All posts by Mark Crislip

Mark Crislip, MD has been a practicing Infectious Disease specialist in Portland, Oregon, since 1990. He is a founder and  the President of the Society for Science-Based Medicine where he blogs under the name sbmsdictator. He has been voted a US News and World Report best US doctor, best ID doctor in Portland Magazine multiple times, has multiple teaching awards and, most importantly,  the ‘Attending Most Likely To Tell It Like It Is’ by the medical residents at his hospital. His growing multi-media empire can be found at edgydoc.com.

Corrigendum. The week in SBM for 1.22.2017

Not every article and study that pops up my feeds in the world of pseudo-medicine is worthy of a complete blog post. But they need to be noticed and commented upon: Liver toxicity from herbs. Popped lungs from acupuncture. Chiropractic does not help scoliosis. Yoga is just exercise. There are eight kinds of wind: Great Feathery Wind, Scheming Wind, Hard Wind, Great...

/ January 22, 2017

Chinese BioMedical Research: Sturgeon’s Law In Action

A Chinese government investigation has found that 80%, yes eighty percent, of Chinese biomedical research is fabricated. I bet that is an underestimate for Traditional Chinese Pseudo-Medicine.

/ January 20, 2017

Acupuncture’s Big Myth

The great acupuncture myth? No spoilers from me. Read the entry or skip to the penultimate paragraph to find out.

/ January 6, 2017

It’s Hard Out There for a Psychic

Psychic? Exorcist? Acupuncturist? Homeopath? Naturopath? The practice is the same. The consequences differ.

/ December 23, 2016

Reiki and Therapeutic Touch. Compare and Contrast.

What? I’m not on vacation? I have to write a post? Crap. Remember those college essays? Compare and Contrast two topics and fill a Blue Book with your wisdom. Well, let's compare and contrast reiki and therapeutic touch, henceforth known as RATT.

/ December 9, 2016

Blue Light. Special?

I do not sleep as well as I used to. Perhaps it is being tormented by guilt and worry combined with profound existential angst. Or maybe it is my iPad. I gave up on most dead tree editions. I miss the smell and feel of books and magazines, but nothing is better than being able to increase the font size to 18....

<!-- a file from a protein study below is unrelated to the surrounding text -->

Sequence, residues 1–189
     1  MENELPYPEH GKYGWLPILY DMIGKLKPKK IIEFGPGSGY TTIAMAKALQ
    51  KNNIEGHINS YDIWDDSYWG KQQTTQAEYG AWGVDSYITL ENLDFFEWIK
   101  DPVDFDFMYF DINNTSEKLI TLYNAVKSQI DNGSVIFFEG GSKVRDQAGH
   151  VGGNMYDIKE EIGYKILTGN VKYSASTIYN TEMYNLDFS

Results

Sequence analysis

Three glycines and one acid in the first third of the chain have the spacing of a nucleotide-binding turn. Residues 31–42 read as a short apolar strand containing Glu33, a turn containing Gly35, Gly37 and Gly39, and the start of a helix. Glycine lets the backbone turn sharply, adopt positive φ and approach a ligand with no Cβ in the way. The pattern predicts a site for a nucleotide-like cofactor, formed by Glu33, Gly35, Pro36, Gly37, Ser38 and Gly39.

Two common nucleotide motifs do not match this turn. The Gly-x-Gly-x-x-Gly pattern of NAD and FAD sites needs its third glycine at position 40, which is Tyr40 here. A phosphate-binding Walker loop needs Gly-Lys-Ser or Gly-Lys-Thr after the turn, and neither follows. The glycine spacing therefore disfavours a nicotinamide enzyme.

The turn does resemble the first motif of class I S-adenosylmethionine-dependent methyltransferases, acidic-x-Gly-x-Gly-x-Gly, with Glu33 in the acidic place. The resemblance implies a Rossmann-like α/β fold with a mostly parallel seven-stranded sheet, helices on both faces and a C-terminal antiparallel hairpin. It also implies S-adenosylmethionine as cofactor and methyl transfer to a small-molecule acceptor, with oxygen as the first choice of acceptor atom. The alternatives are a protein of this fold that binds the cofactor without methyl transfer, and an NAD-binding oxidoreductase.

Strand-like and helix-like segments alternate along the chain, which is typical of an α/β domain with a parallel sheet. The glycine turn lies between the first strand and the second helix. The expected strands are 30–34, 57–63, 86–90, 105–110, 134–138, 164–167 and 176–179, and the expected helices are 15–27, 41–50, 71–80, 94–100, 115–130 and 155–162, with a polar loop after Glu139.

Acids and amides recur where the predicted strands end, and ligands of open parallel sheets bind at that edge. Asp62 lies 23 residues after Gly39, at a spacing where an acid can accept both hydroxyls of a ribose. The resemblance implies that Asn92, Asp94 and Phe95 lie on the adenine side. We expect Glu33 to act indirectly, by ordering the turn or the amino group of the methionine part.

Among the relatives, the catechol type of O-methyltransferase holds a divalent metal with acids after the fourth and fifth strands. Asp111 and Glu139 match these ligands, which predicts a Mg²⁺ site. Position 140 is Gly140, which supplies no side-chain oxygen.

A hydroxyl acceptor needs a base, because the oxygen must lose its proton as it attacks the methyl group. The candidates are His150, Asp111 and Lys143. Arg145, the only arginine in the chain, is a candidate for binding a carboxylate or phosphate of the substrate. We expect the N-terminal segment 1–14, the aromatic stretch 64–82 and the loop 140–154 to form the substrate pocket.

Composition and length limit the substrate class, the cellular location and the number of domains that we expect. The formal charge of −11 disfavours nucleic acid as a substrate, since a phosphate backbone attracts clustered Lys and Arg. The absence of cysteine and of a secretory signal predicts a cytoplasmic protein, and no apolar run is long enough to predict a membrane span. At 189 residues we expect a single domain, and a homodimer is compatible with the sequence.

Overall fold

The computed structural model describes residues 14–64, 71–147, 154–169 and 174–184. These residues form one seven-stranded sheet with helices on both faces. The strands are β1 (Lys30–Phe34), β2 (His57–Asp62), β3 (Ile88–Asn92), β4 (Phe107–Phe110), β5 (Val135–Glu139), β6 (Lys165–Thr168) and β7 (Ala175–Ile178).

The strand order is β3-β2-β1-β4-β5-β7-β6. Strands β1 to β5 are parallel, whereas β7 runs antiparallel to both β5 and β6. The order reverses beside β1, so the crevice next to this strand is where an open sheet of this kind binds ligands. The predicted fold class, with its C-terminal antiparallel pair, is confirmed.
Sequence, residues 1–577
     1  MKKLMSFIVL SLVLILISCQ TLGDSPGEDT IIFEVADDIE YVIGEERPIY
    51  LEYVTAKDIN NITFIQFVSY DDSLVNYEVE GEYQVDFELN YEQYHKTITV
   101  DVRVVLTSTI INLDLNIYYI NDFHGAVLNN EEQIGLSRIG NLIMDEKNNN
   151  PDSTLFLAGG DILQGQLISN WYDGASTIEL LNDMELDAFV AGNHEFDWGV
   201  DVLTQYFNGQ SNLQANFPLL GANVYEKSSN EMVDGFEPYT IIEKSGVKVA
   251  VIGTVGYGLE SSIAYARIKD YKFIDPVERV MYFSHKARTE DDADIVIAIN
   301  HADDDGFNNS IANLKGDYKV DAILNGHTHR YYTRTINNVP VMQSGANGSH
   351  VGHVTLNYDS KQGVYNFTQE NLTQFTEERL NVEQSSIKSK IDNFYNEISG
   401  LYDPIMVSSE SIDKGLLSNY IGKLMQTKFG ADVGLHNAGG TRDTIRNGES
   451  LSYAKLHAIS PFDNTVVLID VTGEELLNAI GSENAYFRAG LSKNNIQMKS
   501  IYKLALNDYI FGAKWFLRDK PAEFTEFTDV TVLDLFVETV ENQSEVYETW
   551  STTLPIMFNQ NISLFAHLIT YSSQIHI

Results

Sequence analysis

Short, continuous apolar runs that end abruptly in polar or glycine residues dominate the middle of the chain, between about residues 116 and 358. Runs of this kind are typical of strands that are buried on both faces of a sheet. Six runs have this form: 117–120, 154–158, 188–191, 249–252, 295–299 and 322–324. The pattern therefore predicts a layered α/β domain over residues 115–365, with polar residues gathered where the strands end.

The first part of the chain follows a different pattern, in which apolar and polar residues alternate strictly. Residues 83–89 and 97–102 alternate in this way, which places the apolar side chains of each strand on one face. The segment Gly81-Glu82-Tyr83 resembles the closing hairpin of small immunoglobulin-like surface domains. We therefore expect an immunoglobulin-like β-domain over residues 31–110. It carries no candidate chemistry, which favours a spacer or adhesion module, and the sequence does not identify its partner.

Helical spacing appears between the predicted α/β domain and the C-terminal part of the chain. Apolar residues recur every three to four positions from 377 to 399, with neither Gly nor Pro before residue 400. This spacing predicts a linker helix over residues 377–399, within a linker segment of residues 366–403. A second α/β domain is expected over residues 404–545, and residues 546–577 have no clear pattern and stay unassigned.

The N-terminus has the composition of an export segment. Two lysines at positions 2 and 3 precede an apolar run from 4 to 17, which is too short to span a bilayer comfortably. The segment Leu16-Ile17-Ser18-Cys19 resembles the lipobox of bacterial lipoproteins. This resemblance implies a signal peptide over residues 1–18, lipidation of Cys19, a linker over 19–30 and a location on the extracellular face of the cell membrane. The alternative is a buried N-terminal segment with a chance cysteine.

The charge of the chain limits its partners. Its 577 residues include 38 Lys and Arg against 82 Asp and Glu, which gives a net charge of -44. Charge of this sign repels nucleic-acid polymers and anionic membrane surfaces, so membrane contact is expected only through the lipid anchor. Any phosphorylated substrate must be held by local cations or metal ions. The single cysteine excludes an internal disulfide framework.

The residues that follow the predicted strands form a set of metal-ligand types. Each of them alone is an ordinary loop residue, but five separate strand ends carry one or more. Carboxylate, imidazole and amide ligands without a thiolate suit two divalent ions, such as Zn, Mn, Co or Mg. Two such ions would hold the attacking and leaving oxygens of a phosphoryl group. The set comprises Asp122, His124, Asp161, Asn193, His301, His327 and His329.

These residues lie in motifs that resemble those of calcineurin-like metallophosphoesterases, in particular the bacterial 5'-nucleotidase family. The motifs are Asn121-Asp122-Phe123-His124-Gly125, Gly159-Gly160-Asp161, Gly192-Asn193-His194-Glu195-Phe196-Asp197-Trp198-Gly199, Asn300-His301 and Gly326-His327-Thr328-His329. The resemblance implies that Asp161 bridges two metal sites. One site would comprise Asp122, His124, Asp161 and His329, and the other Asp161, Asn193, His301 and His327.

/ November 11, 2016

When should I get the influenza vaccine?

I was asked this question by one of my infection control practitioners. We started offering the flu vaccine the first week of October and some have delayed getting the shot for fear that immunity will not last the season. She pointed me to this NPR article, “Yes, It Is Possible To Get Your Flu Shot Too Soon,” as driving the fear of...

/ October 14, 2016

Infectious Diseases and Cancer

With apologies to my colleagues, but infectious diseases really is the most interesting specialty in medicine. There are innumerable interesting associations and interactions of infectious diseases in medicine, history, art, science, and, well, life, the universe and everything. ID is so 42. A recent email led me to wander the numerous interactions between infections and cancer. There are the cancers that are...

/ September 30, 2016

Chronic Fatigue Syndrome/Systemic Exertion Intolerance Disease Speculcation

My wife and I are entering an age where our aches and pains are becoming a major ongoing topic of conversations. The pain of raising kids has transitioned into the pains of growing older. These aches and pains are, in the scheme of things, minor and intermittent. At work I get to see real suffering and it keeps my own in perspective....

/ September 16, 2016

Leech Therapy

Medicine can be aggravatingly slow to change and it can take years for new diagnostic or therapeutic interventions to percolate through the medical community. It can take equally long for old practices to fade. I have tried to follow the dictum of “be neither the first to try nor the last to abandon a therapy.” But nothing in the real world rivals...

/ September 2, 2016